Home » Planning & Design » Recent Articles:

Beyond Housing Development in Pagedale Ignores Pedestrians, ADA

In August 2010 a new Save-A-Lot grocery store opened in the St. Louis County municipality of Pagedale:

ST. LOUIS, August 5, 2010 – Save-A-Lot, a SUPERVALU (NYSE: SVU) company, one of the nation’s leading hard discount carefully selected assortment grocery chains, has extended its commitment to a local neighborhood in need of access to fresh produce, dairy and meats with the opening of the first new grocery retailer in the Pagedale community in 40 years. The store is a result of a partnership with Beyond Housing, one of the St. Louis region’s leading providers of housing and support services for low-income families and homeowners.

“We are thrilled to celebrate the opening of this new Save-A-Lot Food Store, which will serve thousands of families including hundreds in the Pagedale community,” says Chris Krehmeyer, president and CEO of Beyond Housing. “The opening of this store is another step toward our goal of providing families with access to necessities, such as groceries and bringing new jobs to the community.” (Save-A-Lot

Pagedale is a low-income municipality that has long been ignored by for-profit developers.

The Save-A-Lot in 2010, set back from Page
The Save-A-Lot in 2010, set back from Page
Looking from the front of the store out toward Page. Despite being very close there isn't a safe accessible route.
Looking from the front of the store out toward Page. Despite being very close there isn’t a safe accessible route.
An ADA-compliant route does exist, but few will go the extra distance required to use it.
An ADA-compliant route does exist, but few will go the extra distance required to use it. The slope might be too steep to be ADA-compliant.
The red line shows the accessible route from the bus stop to entry
The red line shows the accessible route from the bus stop to entry. Click image to view map
The customer circled in red was headed west on Page, he took the shortest route.
The customer circled in red was headed west on Page, he took the shortest route.
Looking west in 2010, the east end of the site was undeveloped
Looking west in 2010, the east end of the site was undeveloped
Looking into the site in 2010, future development site on the left and Save-A-Lot parking on the right
Looking into the site in 2010, future development site on the left and Save-A-Lot parking on the right
In this 2013 view you can now see the new development on the east end.
In this 2013 view you can now see the new development on the east end.

The new development includes a bank and senior apartments:

Mayor of Pagedale Mary Louise Carter looked on as Chris Krehmeyer, president and CEO of Beyond Housing, and Ron Barnes, Midwest BankCentre (MBC) chairman, recently unveiled the city’s first-ever full-service bank.

“This is a great day for the City of Pagedale,” Mayor Carter said. “This means convenience for our residents because they can now bank right in their own city at a financial institution with a long history of excellent service.” (St. Louis American)

Yes, a local bank branch can be very convenient.

Getting closer to the multi-story building
Getting closer to the multi-story building
Gee, how do we get to the bank or housing?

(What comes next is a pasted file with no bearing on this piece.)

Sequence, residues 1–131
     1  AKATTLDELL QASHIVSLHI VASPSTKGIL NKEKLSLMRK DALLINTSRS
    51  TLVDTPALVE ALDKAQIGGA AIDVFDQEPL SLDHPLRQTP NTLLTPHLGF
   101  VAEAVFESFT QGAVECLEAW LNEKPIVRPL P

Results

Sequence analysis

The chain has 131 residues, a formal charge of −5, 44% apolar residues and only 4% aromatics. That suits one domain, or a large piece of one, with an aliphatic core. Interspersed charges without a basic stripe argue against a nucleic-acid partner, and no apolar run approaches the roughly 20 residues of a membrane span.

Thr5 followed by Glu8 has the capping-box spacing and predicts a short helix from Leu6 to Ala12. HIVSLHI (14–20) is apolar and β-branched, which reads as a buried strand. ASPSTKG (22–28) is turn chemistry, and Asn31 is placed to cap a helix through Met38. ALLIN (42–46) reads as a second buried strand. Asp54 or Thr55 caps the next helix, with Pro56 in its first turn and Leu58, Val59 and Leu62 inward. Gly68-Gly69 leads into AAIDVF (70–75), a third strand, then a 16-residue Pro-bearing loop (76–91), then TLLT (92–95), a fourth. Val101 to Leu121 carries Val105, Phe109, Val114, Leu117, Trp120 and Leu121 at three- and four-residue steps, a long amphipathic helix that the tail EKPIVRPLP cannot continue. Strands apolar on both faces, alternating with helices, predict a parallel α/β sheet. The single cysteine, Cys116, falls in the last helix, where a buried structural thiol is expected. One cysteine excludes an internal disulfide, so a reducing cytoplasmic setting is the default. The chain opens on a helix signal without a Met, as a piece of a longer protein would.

Gee, how do we get into the housing?
Or into the bank?
Or into the bank? Clearly the drive-up window is more important than pedestrians getting to the entry.
Senior housing as seen from Save-A-Lot's entry
Senior housing as seen from Save-A-Lot’s entry. Can grandma navigate this using a walker?

I applaud Beyond Housing for investing in Pagedale, adding needed retail, banking, & housing. But the common “drive everywhere, walk nowhere” viewpoint is expressed in the design. As a result, I’m disappointed.

Numerous buildings were razed allowing them a clean slate. Nobody on the design team asked how a senior got from their apartment to the 1) bus, or 2) grocery store.  Maybe they thought all low-income seniors have cars?

— Steve Patterson

Roberts Market Place at Kingshighway & Delmar Hostile to Pedestrians

The Roberts Market Place has opened at Kingshighway & Delmar, the site of a former Schnucks. Discount grocer ALDI, the only business so far, is the anchor. Unfortunately, it is designed to be driven to, not walked to.

Roberts Market Place on the NE corner of Kingshighway & Delmar
Roberts Market Place on the NE corner of Kingshighway & Delmar, click image for map link
The same corner back in April
The same corner back in April
Looking east along Delmar
Looking east along Delmar
Looking north along Kingshighway, a stop for the #95 MetroBus is circled in red
Looking north along Kingshighway, a stop for the #95 MetroBus is circled in red. Concrete barriers block the auto driveway.
The fencing blocks pedestrian access, except at the auto driveways
The fencing blocks pedestrian access, except at the auto driveways. Not welcoming at all
Looking east along Enright we see a family leaving ALDI
Looking east along Enright Ave we see a family leaving ALDI
An opening in the fence at the auto driveway.
An opening in the fence at the auto driveway.
At least a walkway was provided at one point
At least a walkway was provided at one point
Not a straight shot or wide enough if you meet someone, but as a bare minimum it works...except...
Not a straight shot or wide enough if you meet someone, but as a bare minimum it works…except…
Who fits between the carts & bollard? Certainly nobody using a cane, walker, scooter, or wheelchair! #adafail
Who fits between the carts & bollard? Certainly nobody using a cane, walker, scooter, or wheelchair! #adafail
Looking back at the problem from the opposite side
Looking back at the problem from the opposite side